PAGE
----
Saturday, November 3, 2018

Adam and Eve and the Cultural Big Bang

In my investigation of what science has to tell us about the existence of Adam and Eve, I am intrigued by a question that is widely disputed among the scientists who study this subject. The question is when and how modern human behavior developed. One idea that has been proposed is particularly controversial with both scientific proponents and scientific critics. The idea goes by different names including "the cultural big bang," "the late Paleolithic revolution," and "the great leap forward." The proposal is that modern human behavior began suddenly about 50,000 or so years ago. This idea was particularly popular about 15 years ago with many proponents still, though some scientists say that more recent archeological discoveries give hints of modern human behavior that began about 100,000 years ago and developed slowly not suddenly.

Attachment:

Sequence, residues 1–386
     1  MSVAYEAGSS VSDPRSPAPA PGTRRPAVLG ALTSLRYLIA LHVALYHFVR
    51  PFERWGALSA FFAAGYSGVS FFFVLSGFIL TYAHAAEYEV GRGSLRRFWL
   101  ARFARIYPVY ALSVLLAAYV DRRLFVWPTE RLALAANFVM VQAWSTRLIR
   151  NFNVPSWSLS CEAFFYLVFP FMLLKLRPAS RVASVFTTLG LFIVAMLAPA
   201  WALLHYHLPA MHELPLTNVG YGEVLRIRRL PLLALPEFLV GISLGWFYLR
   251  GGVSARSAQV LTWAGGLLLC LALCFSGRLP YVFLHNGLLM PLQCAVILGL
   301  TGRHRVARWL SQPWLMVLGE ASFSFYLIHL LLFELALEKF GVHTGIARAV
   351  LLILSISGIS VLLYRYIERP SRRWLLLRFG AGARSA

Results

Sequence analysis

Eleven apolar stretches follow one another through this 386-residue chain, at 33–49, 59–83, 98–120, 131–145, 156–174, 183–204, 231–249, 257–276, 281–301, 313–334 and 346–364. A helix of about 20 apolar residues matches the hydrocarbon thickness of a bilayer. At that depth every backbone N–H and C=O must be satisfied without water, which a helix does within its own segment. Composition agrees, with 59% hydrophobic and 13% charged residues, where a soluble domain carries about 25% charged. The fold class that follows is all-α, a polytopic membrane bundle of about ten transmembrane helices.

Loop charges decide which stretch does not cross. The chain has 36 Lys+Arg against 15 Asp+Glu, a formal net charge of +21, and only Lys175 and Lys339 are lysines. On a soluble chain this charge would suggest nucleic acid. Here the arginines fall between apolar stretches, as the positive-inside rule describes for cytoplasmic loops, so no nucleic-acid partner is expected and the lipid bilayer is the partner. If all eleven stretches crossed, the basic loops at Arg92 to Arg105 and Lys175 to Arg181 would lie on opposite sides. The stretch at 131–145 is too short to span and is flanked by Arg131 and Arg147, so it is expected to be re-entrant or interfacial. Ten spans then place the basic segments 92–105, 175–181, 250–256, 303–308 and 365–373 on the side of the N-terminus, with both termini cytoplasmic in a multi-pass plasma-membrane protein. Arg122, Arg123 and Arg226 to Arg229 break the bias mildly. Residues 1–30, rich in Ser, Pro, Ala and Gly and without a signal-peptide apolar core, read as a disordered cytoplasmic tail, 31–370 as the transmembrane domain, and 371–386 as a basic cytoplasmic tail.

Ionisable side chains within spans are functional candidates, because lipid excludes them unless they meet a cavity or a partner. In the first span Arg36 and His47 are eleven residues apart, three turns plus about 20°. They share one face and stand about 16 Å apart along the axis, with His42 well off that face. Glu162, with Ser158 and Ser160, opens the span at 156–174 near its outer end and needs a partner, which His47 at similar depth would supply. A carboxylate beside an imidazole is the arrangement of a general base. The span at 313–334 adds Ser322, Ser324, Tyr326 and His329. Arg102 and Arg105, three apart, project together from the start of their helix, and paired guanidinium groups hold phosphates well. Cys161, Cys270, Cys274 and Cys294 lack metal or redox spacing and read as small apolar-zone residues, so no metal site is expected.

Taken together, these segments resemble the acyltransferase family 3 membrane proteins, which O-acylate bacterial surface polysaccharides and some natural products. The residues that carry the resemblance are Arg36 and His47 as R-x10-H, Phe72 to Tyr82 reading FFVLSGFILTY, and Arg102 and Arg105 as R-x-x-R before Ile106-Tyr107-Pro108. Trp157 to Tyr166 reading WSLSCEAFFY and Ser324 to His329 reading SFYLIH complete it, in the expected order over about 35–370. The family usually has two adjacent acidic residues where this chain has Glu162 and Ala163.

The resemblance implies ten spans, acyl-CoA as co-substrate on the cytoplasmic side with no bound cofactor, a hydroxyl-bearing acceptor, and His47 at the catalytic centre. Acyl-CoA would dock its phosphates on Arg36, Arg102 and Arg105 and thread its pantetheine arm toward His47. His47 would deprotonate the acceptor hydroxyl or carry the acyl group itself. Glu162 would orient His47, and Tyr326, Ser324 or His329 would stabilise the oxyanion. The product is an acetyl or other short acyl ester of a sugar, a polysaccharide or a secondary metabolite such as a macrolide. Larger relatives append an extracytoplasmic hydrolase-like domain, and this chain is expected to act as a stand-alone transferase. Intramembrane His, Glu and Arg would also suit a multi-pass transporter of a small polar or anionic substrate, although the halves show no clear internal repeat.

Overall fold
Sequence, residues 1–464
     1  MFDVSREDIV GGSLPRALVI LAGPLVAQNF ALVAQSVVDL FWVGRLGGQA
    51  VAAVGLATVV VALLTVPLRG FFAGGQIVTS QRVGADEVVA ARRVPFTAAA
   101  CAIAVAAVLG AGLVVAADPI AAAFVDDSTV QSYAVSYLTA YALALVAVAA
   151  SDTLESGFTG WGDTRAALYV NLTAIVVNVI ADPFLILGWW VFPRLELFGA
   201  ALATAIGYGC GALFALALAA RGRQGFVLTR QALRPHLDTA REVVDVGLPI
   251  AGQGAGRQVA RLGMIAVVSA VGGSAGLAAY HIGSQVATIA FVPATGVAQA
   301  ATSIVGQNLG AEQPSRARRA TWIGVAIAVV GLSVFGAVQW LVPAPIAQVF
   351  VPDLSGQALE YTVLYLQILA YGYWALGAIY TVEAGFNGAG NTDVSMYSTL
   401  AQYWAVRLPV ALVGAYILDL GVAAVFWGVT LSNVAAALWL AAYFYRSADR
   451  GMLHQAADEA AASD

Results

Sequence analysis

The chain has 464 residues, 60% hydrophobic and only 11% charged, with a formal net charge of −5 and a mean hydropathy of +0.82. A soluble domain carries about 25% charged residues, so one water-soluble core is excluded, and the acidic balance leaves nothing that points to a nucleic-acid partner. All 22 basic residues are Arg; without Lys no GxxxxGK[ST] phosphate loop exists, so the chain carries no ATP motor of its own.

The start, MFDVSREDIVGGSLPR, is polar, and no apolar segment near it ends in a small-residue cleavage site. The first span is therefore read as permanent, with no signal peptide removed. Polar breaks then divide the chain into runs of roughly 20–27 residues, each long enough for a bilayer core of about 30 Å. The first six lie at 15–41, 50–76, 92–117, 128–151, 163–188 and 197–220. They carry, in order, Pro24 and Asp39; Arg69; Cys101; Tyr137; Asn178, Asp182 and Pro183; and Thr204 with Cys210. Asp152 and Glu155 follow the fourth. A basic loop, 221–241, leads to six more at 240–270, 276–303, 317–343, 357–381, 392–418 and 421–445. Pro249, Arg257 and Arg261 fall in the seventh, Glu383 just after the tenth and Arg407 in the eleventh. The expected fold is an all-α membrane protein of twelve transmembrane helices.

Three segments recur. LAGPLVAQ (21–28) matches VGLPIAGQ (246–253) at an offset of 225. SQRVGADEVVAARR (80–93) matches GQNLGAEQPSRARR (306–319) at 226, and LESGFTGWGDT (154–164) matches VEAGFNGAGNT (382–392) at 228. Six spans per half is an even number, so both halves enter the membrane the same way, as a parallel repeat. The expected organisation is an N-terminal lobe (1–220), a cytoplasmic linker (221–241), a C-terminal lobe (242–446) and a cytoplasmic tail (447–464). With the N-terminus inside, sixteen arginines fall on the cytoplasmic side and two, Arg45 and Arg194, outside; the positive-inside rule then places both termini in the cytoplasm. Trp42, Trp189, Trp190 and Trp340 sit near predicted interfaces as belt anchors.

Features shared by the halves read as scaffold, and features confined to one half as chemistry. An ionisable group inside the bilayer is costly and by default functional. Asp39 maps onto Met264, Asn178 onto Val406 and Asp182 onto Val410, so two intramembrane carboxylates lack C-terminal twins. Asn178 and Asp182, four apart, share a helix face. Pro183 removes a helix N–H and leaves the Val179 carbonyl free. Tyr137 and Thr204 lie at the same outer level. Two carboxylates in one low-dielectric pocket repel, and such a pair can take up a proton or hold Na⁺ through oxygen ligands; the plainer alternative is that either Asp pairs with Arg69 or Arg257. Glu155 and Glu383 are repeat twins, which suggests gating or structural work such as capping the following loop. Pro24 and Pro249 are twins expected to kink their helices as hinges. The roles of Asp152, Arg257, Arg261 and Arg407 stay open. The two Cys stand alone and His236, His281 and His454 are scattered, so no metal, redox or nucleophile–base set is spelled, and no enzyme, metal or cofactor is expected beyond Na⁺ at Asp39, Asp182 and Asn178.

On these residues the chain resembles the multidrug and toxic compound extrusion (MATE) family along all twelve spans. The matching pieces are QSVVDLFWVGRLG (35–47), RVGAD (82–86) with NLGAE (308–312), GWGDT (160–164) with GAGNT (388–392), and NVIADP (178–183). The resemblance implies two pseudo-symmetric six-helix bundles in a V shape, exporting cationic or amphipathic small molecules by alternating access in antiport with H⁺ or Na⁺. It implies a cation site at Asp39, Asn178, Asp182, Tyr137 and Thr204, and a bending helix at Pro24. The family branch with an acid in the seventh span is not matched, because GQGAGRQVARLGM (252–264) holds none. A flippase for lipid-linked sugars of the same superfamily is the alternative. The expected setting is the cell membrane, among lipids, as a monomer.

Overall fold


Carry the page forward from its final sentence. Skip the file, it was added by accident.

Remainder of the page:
I am a non-expert as I try to investigate this question since I am an experimental particle physicist and not an archeologist. But as an outsider, it does seem to me that there seems to be some kind of explosion of modern behavior about 50,000 years ago. It seems that at about that time humans began to develop a way of thinking that invented new tools and developed new ideas and began to shape the environment around them.